Utah Tech’s college housing plan in St. George’s burgeoning real estate market

St George • Rapidly growing enrollment at Utah Tech University increases the need for student housing, but the school is struggling to rise to the challenge.

On February 9, the university will break ground on Campus View Suites III, a five-story, $70 million skyscraper that will dramatically expand on-campus housing options for students. When completed in fall 2024, the 164,000-square-foot dorm will add 564 beds to the student housing area on the northeast side of campus. It will complement the two existing Campus View Suites.

The Campus View Suites I, built in 2016, had 364 beds. This total was increased by a further 534 beds with the construction of Campus View II in 2021. According to university officials, the new residence will complete the Campus View Trifecta and allow more students to live on campus and in close proximity to their classes and student activities.

“We are very excited to begin phase three of Campus View Suites,” said Seth Gubler, University Director of Housing and Resident Life. “Upon completion, more students will be able to live on campus and experience the university’s programs, amenities and resources.”

University graduate Mike Hill likes the new look of the campus.

“With all the new construction going on every year, the campus resembles more of the quality university that it’s becoming than just a big high school,” said the St. George resident. “I think I speak for most people in the community when I say that it has been exciting to watch the University grow and progress.”

As exciting as the university’s more urban look is, Utah Tech officials say the new buildings are more about necessity than aesthetics. Enrollment at the university currently stands at 12,556, up 50% from the fall semester of 2014, when the institution welcomed 8,341 new students to campus.

And with enrollment projected to reach 16,000 by 2025, and growing between 4,000 and 8,000 every five years thereafter, the need for more student housing, buildings and other infrastructure will only increase.

“If you look at the projections, it’s possible that we’ll get to a point where we can’t accommodate all the students who want to come here,” Gubler said.

Campus View Suites aren’t Utah Tech’s only options for student housing. Gubler said the university has three other buildings designated as on-campus housing for single male and female students, although they are up to a mile across the street from the university.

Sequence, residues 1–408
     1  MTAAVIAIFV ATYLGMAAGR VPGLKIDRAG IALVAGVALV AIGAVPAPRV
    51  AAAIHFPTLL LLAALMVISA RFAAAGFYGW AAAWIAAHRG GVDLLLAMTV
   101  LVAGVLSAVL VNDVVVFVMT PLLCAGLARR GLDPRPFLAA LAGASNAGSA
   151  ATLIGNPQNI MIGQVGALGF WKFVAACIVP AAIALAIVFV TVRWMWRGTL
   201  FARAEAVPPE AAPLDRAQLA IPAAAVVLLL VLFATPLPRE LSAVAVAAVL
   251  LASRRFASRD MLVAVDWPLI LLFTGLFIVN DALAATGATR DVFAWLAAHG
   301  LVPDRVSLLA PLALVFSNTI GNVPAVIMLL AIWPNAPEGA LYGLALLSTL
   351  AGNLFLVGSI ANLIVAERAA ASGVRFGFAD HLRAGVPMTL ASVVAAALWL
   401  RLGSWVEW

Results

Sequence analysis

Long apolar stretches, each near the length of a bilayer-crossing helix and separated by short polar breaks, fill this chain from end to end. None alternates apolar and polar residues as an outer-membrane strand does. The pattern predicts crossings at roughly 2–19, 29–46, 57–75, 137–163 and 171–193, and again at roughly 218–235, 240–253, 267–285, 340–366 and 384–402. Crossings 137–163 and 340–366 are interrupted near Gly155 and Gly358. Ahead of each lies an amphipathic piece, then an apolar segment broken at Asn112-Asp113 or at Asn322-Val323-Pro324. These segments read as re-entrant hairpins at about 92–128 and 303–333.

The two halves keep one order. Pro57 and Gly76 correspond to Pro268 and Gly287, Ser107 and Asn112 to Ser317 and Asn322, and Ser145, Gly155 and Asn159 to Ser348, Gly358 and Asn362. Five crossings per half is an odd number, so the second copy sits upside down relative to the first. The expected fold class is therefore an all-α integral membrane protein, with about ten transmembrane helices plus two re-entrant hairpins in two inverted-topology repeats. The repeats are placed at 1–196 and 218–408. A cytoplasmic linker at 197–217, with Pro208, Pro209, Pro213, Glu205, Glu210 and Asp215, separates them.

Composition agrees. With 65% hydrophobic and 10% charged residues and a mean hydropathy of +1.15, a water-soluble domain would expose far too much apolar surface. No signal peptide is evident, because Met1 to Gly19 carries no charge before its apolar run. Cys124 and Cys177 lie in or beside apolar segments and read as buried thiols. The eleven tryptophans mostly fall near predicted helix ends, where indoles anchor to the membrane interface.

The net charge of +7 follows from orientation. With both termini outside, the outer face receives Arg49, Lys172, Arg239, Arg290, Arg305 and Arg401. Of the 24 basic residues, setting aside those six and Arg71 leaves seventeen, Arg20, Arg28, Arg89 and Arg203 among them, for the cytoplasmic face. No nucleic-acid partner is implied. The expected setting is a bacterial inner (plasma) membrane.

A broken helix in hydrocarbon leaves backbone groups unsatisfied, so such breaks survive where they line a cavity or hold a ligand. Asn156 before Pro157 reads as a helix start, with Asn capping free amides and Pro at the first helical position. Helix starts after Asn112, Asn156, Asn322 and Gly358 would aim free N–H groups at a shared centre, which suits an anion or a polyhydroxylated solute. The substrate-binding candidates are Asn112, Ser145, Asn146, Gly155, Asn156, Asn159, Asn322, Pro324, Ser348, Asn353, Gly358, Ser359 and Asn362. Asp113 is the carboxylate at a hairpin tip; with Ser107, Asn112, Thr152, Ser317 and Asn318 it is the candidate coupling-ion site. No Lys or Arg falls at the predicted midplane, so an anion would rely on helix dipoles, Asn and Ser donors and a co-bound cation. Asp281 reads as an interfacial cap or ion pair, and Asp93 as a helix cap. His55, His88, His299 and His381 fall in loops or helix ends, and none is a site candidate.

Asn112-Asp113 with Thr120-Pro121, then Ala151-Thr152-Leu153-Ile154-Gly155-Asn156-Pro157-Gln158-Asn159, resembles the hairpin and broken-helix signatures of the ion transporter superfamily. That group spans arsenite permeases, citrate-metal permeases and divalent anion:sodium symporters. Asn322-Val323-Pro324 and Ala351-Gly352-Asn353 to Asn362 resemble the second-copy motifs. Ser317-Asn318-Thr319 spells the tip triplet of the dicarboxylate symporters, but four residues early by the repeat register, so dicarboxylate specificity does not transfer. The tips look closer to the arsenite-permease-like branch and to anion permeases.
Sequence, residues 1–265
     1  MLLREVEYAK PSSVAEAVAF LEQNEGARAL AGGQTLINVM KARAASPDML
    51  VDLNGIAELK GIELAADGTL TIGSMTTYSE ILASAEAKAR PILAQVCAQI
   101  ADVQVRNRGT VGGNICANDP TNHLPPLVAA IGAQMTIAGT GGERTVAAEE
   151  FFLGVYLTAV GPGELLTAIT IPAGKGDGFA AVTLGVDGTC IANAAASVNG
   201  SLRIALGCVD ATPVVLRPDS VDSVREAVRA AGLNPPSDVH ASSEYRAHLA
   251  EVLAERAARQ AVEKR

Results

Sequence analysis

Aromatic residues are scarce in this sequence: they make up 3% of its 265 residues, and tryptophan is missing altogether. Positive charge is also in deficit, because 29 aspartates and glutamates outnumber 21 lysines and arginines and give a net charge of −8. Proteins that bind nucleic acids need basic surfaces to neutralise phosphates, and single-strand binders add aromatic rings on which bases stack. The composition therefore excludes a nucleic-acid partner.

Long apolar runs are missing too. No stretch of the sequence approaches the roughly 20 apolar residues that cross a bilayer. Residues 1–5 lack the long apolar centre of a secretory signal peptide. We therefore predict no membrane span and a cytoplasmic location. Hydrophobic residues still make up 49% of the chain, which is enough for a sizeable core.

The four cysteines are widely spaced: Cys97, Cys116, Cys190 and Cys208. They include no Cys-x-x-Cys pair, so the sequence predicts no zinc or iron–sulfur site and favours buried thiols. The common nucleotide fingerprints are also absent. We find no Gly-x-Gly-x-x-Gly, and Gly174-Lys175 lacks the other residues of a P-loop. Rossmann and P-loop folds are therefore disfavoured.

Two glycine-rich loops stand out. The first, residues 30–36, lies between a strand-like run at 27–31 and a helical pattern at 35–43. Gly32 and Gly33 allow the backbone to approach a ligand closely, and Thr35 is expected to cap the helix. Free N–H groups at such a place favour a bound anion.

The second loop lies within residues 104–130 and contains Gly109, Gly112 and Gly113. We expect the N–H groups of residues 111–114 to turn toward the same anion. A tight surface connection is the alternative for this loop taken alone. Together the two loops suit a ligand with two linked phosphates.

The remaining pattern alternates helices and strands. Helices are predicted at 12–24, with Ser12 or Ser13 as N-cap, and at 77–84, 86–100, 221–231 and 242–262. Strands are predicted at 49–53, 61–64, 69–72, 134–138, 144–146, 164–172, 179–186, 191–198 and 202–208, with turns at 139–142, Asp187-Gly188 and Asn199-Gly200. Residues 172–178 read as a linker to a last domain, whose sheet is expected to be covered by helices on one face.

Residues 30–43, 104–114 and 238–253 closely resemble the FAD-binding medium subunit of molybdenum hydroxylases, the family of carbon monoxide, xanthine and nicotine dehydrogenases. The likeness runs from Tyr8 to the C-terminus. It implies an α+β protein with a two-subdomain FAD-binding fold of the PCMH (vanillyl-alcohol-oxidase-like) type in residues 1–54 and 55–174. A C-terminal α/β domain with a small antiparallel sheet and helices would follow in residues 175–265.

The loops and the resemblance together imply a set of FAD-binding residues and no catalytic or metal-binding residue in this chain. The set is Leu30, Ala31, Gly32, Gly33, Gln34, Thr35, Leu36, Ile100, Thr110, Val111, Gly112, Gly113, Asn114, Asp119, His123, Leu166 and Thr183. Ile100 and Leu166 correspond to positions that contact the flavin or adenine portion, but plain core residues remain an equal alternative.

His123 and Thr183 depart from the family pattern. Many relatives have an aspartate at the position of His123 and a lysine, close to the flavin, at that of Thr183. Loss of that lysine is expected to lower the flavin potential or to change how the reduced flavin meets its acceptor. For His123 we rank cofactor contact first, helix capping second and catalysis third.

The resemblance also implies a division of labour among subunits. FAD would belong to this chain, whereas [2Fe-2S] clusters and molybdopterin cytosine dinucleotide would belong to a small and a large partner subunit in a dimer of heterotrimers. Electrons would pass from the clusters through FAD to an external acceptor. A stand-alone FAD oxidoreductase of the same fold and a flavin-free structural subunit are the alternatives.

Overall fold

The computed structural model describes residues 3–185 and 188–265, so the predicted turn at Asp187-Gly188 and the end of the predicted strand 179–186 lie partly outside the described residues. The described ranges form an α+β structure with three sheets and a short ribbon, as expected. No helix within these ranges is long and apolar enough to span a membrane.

The furthest away University Inn accommodates 44 single students in their own private rooms. The Chancellor Apartments, one block north of campus, house 30 students in a mix of private and shared spaces. The Abby Inn, across from the campus softball field, houses 90 students in a mix of private and shared rooms.

Finally, the university owns 19 apartments, which it rents to married students or single parents with families. In addition, there are 15 privately owned apartments specializing in student rentals located just a few blocks from campus.

Joseph Gee, a high school English teacher from Nampa, Idaho, enjoys his private room and bathroom at the University Inn.

“The [inn] has a nice atmosphere. It’s definitely not a party atmosphere,” Gee said, adding that the commotion that occasionally ensues when steam from the shower or the heat sets off multiple fire alarms is the closest thing to a party.

Aside from being close to the university, a major advantage of living on campus for singles is that students don’t have to worry about the cost of utilities or the internet. Married or single parents have to pay for electricity, internet and garbage collection.

Cost can also be an advantage of on-campus housing. According to Gee, the average cost of student housing over the course of a semester, about four months, reflects the cost of off-campus life. In some cases, he added, it can be significantly less.

“For example, the average cost of a private room on campus for a semester this year is $2,280 and off-campus is an average of $2,808,” he said.

Cost is important, but public safety is paramount for Mary Davis, a Salt Lake City native who shares college housing with Marianna Lewis of Stockton, California.

“It’s a lot better than being off campus because we live in a nice new building and I feel like it’s safer,” Davis said. “I see campus police patrolling at night and it’s reassuring to know they’re there.”

Once complete, Campus View Suites III will be a marked improvement over other on-campus accommodations. Among other things, there will be a grocery store with fresh fruit, vegetables and dairy products on the ground floor. It will also feature additional storage space and shared private and group study spaces, according to university officials.

https://www.sltrib.com/news/education/2023/02/03/utah-techs-plan-student-housing/ Utah Tech’s college housing plan in St. George’s burgeoning real estate market

Justin Scacco

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